There’s nothing “wrong” with Pinot Grigio. Slurpy somms and jaded retailers tilt their noses at it, often writing it off as “insipid” or “anemic” but really it’s a fine gateway wine, fruity and easy drinking, if not very complex. Inevitably there will come a time when you want something with a little more verve. More substance. Something with all that peachy, tart apple, citrusy goodness of Pinot Grigio plus a little extra brain tickling power.
That something is a bottle of Albariño. Just look at this absolutely-not-made-up chart of imaging scans showing cranial activity in people who drank three popular white wine varietals:
Enlightenment! Clarity! Diamond-like brilliance ensues after just one sip! But seriously though, Albariño will light up your neural pathways in ways Pinot Grigio simply cannot.
You say Albariño
Most Albariño comes from Spain and Portugal. Each brings a unique style and pronunciation to the table. In the Spanish province of Galicia, they call it Albariño and in the Portugese province of Minho they call it Alvarinho.
Spain’s Rías Baixas (ree-as buy-shuss) D.O. is a small region, and they produce a proportionally small amount of wine. Only ten grapes are grown there, and Albariño accounts for 90% of production.
Most Albariño from Rías Baixas is pale yellow in color, crisp, elegant, and beautifully refreshing, especially in warm weather. It’s almost always made as a single varietal wine, though sometimes it’s blended with other native grapes including loureiro blanca, godello, treixadura, and caiño blanco. Generally speaking, Albariño from Spain shows more consistency, but the smaller production levels tend to drive up demand, and thus prices might be a little higher.
Portugal’s Vinho Verde region lies just south of Riax Baixas, across the river Minho which separates the two countries. This much larger region is home to 47 grape varietals, less than half of which are Albariño. Here it’s often used in blends, which tend to be light-bodied, crisp, and even slightly effervescent. Still, you can find plenty of single-varietal examples, some of which display immense structure and complexity. Because of the larger scale production here you’ll probably find more variation in quality, however the prices are usually cheaper.
Albariño in the new world
Albariño is a rare sight outside these two regions, but you can find a smattering of vines planted by intrepid growers in California, mostly in the Carneros region of Sonoma, Clarksburg, Edna Valley, some vineyards along the Central Coast, and even deeper inland in Lodi. Its rise in popularity is still relatively small. It went from a scant 28 planted acres in 2003 to a slightly less anemic 280 acres in 2014. That’s a far ways off something like Chardonnay which boasts almost 100k acres, or even Pinot Gris, which tips 16k.
Other regions worth noting include Australia (Barossa Valley, McLaren Vale and Eden Valley) and some adventurous producers in both Washington and Oregon.
A sunny disposition
Do you like slurping down oysters? Ever been addicted to those tongue-meltingly tart lemon warheads? Is stone fruit season your favorite time of year?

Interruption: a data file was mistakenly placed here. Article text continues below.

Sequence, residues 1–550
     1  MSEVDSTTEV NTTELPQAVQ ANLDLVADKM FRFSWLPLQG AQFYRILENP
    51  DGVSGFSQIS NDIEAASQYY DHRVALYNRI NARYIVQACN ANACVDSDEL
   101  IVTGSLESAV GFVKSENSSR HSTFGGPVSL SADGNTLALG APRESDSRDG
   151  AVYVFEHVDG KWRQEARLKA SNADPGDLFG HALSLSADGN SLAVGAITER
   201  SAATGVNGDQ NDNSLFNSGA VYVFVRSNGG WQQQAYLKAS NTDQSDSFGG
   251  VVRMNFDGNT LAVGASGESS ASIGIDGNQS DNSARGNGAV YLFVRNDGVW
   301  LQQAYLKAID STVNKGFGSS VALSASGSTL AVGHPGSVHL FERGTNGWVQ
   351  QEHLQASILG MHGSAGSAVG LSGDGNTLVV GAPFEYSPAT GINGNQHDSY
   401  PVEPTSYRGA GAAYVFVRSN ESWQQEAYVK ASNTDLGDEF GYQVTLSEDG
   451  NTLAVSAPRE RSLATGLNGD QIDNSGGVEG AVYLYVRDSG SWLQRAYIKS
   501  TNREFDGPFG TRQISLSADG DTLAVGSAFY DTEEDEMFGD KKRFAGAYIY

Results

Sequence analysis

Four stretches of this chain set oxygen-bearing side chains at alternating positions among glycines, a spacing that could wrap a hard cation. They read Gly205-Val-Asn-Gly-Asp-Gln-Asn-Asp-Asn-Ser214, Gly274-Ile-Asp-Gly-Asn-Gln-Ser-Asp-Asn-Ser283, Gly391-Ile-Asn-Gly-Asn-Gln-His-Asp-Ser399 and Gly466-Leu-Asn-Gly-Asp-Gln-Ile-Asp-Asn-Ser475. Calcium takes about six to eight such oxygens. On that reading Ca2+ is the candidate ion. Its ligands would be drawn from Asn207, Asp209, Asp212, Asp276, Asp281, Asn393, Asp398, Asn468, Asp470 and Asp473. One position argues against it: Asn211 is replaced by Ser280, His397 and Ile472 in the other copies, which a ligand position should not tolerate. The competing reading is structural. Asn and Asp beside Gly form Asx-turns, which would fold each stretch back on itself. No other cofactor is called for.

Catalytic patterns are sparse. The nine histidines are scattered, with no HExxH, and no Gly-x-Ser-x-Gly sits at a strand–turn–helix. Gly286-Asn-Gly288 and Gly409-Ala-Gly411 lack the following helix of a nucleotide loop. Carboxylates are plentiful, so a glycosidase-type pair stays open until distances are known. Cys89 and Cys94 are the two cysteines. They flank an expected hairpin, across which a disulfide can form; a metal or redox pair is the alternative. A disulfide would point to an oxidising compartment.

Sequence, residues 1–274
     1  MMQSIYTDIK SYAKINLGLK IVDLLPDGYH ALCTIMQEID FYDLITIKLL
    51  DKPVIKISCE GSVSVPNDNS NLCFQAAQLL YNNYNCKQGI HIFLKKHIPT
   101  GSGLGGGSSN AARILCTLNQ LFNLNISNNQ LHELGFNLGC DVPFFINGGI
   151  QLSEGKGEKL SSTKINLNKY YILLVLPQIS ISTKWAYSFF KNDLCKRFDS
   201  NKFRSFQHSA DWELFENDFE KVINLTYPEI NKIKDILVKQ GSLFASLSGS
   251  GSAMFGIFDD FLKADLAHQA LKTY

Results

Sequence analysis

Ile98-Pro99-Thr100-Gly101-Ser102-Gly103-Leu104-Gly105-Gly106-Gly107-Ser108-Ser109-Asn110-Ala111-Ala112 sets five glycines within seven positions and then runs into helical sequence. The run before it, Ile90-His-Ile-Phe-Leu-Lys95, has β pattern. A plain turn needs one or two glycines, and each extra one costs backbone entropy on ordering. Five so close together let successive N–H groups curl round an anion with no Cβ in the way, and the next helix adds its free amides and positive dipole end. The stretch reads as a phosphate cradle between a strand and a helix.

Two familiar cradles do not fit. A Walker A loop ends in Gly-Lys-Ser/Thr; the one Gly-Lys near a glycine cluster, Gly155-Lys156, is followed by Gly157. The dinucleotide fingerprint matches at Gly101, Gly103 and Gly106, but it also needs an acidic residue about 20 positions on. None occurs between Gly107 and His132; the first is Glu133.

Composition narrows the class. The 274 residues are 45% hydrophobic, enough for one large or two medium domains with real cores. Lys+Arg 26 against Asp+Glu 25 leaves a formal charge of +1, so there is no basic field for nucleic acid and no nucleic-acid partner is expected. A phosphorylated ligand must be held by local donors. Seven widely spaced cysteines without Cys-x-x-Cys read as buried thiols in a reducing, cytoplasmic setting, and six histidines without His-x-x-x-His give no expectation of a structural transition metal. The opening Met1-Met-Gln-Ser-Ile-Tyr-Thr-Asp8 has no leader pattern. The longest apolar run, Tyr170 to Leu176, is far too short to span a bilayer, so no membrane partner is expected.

If you answered yes, then you’ll probably love Albariño.
Take the floral aromatics of Viognier and the granite minerality of Mosel Riesling, then borrow some citrus and acidity from Sancerre and grassy notes from a New Zealand Sauv Blanc and you might begin to imagine what’s inside the bottle.
Albariño could taste like grapefruit and peaches. Or honey-drizzled melon. Or any combination of the following: lemon/lime, dried apricot, melon, pineapple, ginger, mango and honeysuckle. There’s almost always a distinct chalky or seashell-like minerality underpinning the fruit. Ultimately, the winemaking style and vintage dictate what the final product tastes like.
Lesser known, smaller scale wines tend to show more character and sense of place. That’s definitely true with Albariño.
Most Albariño is fermented in stainless steel tanks to preserve its fresh profile. It’s generally crafted for early enjoyment, with modest alcohol levels, and it’s not a wine you’d normally cellar for any length of time. Occasionally a winemaker may experiment with oak, which adds structure and weight to the palate. This is more common in warmer years, when riper fruit plays nicer with oak. Some producers like to use partial or full malolactic fermentation to add a little plumpness to the texture along with some toastiness – but don’t expect to find a buttery Albariño. Most of the buttery flavored compound is gobbled up by the yeasts, leaving behind just the texture.
The most dynamic examples see an extended period of skin contact during closely temperature controlled maceration. This supercharges the aromatics, adds a bit of extra complexity, and deeper color to the wine. Some producers will age on lees, a practice that also contributes more depth of flavor and freshness in the final product.
What to eat with Albariño
If it comes from the ocean, it probably pairs really well with Albariño. Albariño pairs great with lighter seafood, oysters, simply prepared mollusks and crustaceans, sardines, ceviche and white-fleshed fish. That’s not surprising since the Riax Baixas is just a few miles from the Atlantic, and the local community is closely tied to the fishing industry. Its zippy acidity makes it pretty versatile with other meals too, from light pastas and chicken to mild Thai and Indian dishes.
In our opinion, Albariño is as accurate a representation of Galileo’s quote “wine is sunshine held together by water”. If you’re looking to take a detour from the mainstream Pinot Grigio crowd, and are willing to try something new, definitely consider adding it to your summer drinking lineup. You’ll be happy you did.
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